Using hash keys as object name

How do I assign hash’s key as an object name? For example I have a hash
as:

fruits = {“apple” => [“green”, “red”], “melons” => [“water”, “musk”] }

I would like to create a File or String objects by reading above hash,
something like

fruits.keys.each {|k| “#{k}” = String.new}

Any hints or suggestions on how to do this will be really helpful.

thanks,
neuby.

On Wed, Apr 20, 2011 at 8:07 AM, neubyr [email protected] wrote:

How do I assign hash’s key as an object name? For example I have a hash as:

fruits = {“apple” => [“green”, “red”], “melons” => [“water”, “musk”] }

I would like to create a File or String objects by reading above hash,
something like

fruits.keys.each {|k| “#{k}” = String.new}

Any hints or suggestions on how to do this will be really helpful.

There is usually no point in dynamically generating local variable
names - which is what you are trying to attempt. The reason is that
your code needs to use them before they are known - otherwise it
cannot see them. Example:

09:35:55 ~$ ruby19 b.rb
name is foo
attempt 1
[:name, :e, :b, :foo]
123
attempt 2
[:name, :e, :b, :foo]
123
attempt 3
[:name, :e, :b, :foo]
123
09:35:57 ~$ cat -n b.rb
1
2 name=‘foo’
3 puts “name is #{name}”
4
5 puts “attempt 1”
6
7
8 begin
9 eval “#{name}=123”
10 p local_variables
11 eval “puts #{name}”
12 rescue Exception => e
13 puts e
14 end
15
16 puts “attempt 2”
17
18 b = binding
19 eval “#{name}=123”, b
20 p local_variables
21 eval “puts #{name}”, b
22
23 puts “attempt 3”
24
25 foo=nil
26 eval “#{name}=123”
27 p local_variables
28 eval “puts #{name}”
09:36:05 ~$

Note there are some special cases where it can make sense. These
typically involve meta programming (e.g. ERB does it).

What are you trying to accomplish?

Kind regards

robert

Neubyr N. wrote in post #993923:

How do I assign hash’s key as an object name? For example I have a hash
as:

fruits = {“apple” => [“green”, “red”], “melons” => [“water”, “musk”] }

I would like to create a File or String objects by reading above hash,
something like

fruits.keys.each {|k| “#{k}” = String.new}

Any hints or suggestions on how to do this will be really helpful.

thanks,
neuby.

fruits = {“apple” => [“green”, “red”], “melons” => [“water”, “musk”] }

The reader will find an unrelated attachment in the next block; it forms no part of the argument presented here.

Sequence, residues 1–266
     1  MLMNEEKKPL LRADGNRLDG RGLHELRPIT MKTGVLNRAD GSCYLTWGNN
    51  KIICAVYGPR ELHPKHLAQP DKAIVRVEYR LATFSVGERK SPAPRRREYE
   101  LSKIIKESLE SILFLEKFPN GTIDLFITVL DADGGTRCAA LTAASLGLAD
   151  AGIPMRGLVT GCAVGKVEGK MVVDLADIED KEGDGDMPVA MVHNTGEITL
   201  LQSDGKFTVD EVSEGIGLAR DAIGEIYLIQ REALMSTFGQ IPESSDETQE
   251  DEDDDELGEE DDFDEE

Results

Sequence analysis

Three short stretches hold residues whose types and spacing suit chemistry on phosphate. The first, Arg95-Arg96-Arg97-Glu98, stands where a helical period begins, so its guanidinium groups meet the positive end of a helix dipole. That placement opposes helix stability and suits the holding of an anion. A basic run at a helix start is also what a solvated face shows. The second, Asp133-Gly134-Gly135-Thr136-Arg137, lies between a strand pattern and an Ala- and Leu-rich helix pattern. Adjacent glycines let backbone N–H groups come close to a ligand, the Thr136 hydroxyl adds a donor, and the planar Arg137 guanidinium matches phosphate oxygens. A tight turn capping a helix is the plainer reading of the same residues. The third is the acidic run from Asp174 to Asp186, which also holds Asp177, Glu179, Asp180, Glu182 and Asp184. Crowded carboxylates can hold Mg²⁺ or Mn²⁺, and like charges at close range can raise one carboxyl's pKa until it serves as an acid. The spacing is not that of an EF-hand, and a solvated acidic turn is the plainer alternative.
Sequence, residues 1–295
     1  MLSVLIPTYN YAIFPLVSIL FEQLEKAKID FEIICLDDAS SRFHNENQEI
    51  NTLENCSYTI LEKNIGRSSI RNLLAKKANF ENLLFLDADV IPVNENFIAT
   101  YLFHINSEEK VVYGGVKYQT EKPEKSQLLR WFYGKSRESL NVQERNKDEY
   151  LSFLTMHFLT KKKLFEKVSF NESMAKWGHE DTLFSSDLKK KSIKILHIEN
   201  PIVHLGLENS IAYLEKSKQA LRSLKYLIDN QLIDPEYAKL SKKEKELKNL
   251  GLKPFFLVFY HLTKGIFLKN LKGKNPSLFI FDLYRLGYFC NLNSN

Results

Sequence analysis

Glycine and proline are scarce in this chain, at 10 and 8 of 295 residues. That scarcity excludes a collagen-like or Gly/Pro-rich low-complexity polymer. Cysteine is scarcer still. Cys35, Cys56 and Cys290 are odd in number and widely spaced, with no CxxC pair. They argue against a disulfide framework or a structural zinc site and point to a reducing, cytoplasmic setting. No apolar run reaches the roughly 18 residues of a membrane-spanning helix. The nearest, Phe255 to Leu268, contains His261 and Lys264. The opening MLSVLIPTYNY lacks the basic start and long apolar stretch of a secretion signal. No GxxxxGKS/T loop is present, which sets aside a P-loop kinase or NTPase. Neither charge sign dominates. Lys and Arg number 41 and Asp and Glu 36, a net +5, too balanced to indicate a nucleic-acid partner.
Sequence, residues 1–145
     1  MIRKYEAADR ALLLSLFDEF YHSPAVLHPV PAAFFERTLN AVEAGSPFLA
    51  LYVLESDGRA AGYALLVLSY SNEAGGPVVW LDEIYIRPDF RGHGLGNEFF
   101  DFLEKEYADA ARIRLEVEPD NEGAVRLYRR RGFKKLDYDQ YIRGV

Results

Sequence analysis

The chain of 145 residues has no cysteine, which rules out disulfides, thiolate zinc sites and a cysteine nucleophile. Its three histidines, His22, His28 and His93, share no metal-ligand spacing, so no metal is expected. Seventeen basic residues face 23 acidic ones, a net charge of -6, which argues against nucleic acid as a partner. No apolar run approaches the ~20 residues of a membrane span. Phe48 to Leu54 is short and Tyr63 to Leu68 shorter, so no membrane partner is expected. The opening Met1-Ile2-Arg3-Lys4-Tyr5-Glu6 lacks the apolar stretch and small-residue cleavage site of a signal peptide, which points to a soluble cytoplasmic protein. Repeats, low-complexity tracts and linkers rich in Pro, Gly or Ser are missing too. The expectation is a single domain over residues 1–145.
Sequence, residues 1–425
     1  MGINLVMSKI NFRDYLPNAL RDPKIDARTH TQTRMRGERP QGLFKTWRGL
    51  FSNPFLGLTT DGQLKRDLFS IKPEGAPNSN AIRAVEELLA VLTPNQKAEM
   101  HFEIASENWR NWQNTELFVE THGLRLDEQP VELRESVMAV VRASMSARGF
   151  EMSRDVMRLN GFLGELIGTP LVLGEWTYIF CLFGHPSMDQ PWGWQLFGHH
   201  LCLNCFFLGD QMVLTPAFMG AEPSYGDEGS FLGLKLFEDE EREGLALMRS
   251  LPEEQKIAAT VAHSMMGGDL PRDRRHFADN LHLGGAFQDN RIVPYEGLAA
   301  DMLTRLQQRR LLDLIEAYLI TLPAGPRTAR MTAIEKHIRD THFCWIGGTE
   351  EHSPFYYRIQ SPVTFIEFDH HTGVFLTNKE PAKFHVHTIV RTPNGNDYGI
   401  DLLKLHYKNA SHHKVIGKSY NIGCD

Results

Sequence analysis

h = {}

fruits.keys.each do |key|
h[key] = “”
end

p h

–output:–
{“apple”=>"", “melons”=>""}

h[‘apple’] = 10
p h

–output:–
{“apple”=>10, “melons”=>""}

In short, there is no need to create variables with those names. Hashes
associate names(keys) with values, so use a hash. Your
question usually comes up in the form: “Hi, I want to create variables
with the names a1, a2, a3, a4, a5 … a100. How can I do that?” The
answer is: that’s what arrays are for. You just have to settle for the
names being a[0], a[1], a[2] … a[99] instead.

Thanks for the help Robert. Following is a scenario I am trying to
implement:
I want to create File objects based on a hash. The ‘fruits’ hash will
be created based on user input (yaml file), so I don’t know how long
the hash will be beforehand. For each key in this hash I would like to
instantiate a File object with object/var name same as hash key. In
future I may have a subclass of File class say UserFile class. The
UserFile objects will be instantiated in a similar manner as File
object, in addition they will get hash values passed on as variables.


neubyr.

On Wed, Apr 20, 2011 at 2:36 AM, Robert K.

On Wed, Apr 20, 2011 at 11:19 PM, neubyr [email protected] wrote:

Thanks for the help Robert. Following is a scenario I am trying to implement:
I want to create File objects based on a hash. The ‘fruits’ hash will
be created based on user input (yaml file), so I don’t know how long
the hash will be beforehand. For each key in this hash I would like to
instantiate a File object with object/var name same as hash key. In
future I may have a subclass of File class say UserFile class. The
UserFile objects will be instantiated in a similar manner as File
object, in addition they will get hash values passed on as variables.

There is no need to create local variables for these File objects - in
fact, it won’t work. You rather want to create a second Hash.

FileData = Struct.new :io, :attributes

user_input = { … } # from YAML

files = {}

user_input.each do |k,v|
files[k] = FileData.new File.open(k), v # whatever else
end

use files

close files

files.each do |k,v|
v.io.close
end

Note, I deliberately left out error handling in order to keep the code
simple.

Kind regards

robert

Thanks a lot for explaining the basics… Changed the implementation.


neuby

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